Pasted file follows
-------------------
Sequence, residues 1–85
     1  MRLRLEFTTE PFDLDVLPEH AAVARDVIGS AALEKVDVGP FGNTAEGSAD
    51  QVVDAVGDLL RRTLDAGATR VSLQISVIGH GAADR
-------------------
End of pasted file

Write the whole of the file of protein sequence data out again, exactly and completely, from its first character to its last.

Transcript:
Sequence, residues 1–85
     1  MRLRLEFTTE PFDLDVLPEH AAVARDVIGS AALEKVDVGP FGNTAEGSAD
    51  QVVDAVGDLL RRTLDAGATR VSLQISVIGH GAADR